Put the RewriteOptions inherit in the subdirectory's .htaccess and see if that makes a difference.

Jim

4:00 am on May 24, 2007 (gmt 0)

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Jim;
I did put inherit in the .htaccess in the sub-director, but items blocked in the root are permitted in the sub-dir. Here is the top of the directives I am using in the sub-directory:

Options +FollowSymLinks
RewriteEngine On
RewriteOptions inherit
RewriteBase /

Do I have them in the right sequence?

PS: I did read the documentation for RewriteOptions and it was unclear to me if it applied to individual virtual hosts, or was meant for httpd.conf. Mad Cow.

4:40 am on May 24, 2007 (gmt 0)

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You can close this up Jim. I resolved the problem with the addition of "RewriteOptions inherit" and corrected an un-obvious forced path in the root .htaccess that caused my tests to fail. It was a ^ before the test filename, as in:

RewriteCond %{REQUEST_URI} ^foobar\.html$

That restricts the path to root files. I removed the ^ and the rule now works in the sub-directory as well...

RewriteCond %{REQUEST_URI} foobar\.html$

Thanks again, Wiz

12:32 pm on May 24, 2007 (gmt 0)

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Cool! I was beginning to seriously wonder what was going on with your server... Sometimes, they just aren't set up correctly, and really weird things can happen -- Like regex not being parsed correctly. Those kinds of things are really tough to figure out, because "nothing makes sense."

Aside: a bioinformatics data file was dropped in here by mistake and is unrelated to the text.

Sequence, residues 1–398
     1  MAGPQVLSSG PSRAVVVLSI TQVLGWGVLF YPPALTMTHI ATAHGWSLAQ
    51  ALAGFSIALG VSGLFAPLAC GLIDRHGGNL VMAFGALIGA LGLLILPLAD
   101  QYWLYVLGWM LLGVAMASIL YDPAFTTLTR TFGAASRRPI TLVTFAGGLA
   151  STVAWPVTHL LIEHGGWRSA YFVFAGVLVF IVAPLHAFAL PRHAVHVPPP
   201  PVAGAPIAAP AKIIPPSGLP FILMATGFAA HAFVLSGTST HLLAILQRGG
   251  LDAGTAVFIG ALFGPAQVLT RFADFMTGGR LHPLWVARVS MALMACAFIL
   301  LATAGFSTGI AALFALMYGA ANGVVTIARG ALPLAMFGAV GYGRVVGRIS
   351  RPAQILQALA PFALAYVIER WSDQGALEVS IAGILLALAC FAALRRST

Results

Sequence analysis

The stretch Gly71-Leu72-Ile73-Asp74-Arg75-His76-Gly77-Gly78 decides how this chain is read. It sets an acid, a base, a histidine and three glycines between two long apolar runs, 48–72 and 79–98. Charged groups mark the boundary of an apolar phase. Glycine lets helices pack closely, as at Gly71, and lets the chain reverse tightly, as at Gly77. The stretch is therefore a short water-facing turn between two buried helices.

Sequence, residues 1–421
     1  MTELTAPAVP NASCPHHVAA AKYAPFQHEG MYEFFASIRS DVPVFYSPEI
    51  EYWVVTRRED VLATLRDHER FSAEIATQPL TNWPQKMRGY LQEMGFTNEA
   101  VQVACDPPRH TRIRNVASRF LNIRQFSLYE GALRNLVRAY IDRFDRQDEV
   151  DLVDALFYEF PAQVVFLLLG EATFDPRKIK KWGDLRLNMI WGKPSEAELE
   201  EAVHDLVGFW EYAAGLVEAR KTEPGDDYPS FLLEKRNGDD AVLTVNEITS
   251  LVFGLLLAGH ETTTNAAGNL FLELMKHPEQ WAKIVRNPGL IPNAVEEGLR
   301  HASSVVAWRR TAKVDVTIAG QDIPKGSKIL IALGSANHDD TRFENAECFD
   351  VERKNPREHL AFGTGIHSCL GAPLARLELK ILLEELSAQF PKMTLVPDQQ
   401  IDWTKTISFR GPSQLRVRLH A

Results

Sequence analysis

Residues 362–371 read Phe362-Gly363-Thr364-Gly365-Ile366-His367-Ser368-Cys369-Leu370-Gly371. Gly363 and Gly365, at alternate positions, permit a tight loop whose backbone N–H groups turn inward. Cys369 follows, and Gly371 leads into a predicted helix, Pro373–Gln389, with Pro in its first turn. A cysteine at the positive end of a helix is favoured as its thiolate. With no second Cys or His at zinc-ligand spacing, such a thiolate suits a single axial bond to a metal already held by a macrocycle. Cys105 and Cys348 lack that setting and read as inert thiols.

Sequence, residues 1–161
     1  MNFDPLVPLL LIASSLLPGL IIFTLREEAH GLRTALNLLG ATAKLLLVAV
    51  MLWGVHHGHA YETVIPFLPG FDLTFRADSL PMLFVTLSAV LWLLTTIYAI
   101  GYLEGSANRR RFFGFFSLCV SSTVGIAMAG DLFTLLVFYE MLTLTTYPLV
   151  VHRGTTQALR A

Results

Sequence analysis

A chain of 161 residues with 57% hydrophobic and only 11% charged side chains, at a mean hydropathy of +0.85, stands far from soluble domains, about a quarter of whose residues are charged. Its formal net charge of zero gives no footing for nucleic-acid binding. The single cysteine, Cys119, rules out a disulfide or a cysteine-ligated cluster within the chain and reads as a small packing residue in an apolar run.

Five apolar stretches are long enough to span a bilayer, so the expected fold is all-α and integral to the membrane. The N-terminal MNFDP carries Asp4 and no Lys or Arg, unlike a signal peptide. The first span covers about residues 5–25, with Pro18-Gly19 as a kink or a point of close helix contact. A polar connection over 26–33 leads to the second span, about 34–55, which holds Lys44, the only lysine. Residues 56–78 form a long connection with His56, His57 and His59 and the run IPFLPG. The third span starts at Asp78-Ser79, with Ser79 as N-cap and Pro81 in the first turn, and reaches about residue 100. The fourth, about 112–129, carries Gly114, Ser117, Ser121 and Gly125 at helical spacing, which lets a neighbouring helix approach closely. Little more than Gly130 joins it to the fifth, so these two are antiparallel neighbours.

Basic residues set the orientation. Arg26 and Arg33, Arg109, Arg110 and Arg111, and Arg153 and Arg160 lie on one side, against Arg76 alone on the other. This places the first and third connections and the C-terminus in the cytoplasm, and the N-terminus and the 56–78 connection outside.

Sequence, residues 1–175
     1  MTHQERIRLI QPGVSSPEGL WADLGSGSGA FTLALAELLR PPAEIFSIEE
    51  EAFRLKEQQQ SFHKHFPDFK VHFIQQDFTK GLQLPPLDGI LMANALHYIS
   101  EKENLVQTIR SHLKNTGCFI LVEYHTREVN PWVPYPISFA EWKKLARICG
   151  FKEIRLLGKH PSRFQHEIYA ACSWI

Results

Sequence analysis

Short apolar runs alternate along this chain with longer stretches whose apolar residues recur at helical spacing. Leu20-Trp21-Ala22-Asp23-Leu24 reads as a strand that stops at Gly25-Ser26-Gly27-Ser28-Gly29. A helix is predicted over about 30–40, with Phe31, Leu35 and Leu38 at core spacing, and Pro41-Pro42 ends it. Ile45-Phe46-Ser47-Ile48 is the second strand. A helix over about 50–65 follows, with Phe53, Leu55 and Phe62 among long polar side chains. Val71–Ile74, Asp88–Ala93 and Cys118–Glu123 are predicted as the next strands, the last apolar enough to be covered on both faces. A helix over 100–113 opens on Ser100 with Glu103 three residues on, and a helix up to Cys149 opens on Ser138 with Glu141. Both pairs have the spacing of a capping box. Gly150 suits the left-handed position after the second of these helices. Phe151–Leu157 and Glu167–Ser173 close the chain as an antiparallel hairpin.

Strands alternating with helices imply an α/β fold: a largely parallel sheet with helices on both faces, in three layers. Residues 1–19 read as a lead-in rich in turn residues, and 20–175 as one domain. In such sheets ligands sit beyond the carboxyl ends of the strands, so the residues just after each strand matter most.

In each Apache directive's section, there's a line at the top, like this one from RewriteOptions:

Context: server config, virtual host, directory, .htaccess

So, this says that the directive can be used in httpd.conf, conf.d or other "included" config files at the server config level. Then it can also be used within <VirtualHost> and <Directory> containers -- also in server config files, and in .htaccess files.

The ones where ".htaccess" is missing from the context list can't be used on shared virtual servers, like RewriteMap, RewriteLog, RewriteLock, and RewriteLogLevel... :(

Jim

4:04 pm on May 24, 2007 (gmt 0)

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Thanks for adding that information Jim. Even after using the inherit directive in the target directory I still had to edit some of my rules to remove leading ^ symbols or / that set the path to the root. The inherit issue did not exist on my previous host's server. Every rule worked in sub-directories from the get go, unless I forces a forward slash. In fact, I had some instances where a rule was being applied to all sub-directories, which was meant for the root only, and I had to add a forward slash ahead of the filename.

I have also found that as web hosts sell huge numbers of accounts for use on every server they seem to care less about individual webmaster's concerns, regarding scripting issues. I had a ceaseless referer log spammer who attacked me with a script run from a Chinese server, 24/7/365. It was all I could do to get a firewall block placed on that IP, because the hit frequency was less than once per second. Eventually they agreed to block it and I can now read my logs without purging thousands of identical meaningless hits.

One learns or else entropy sets in.

Wiz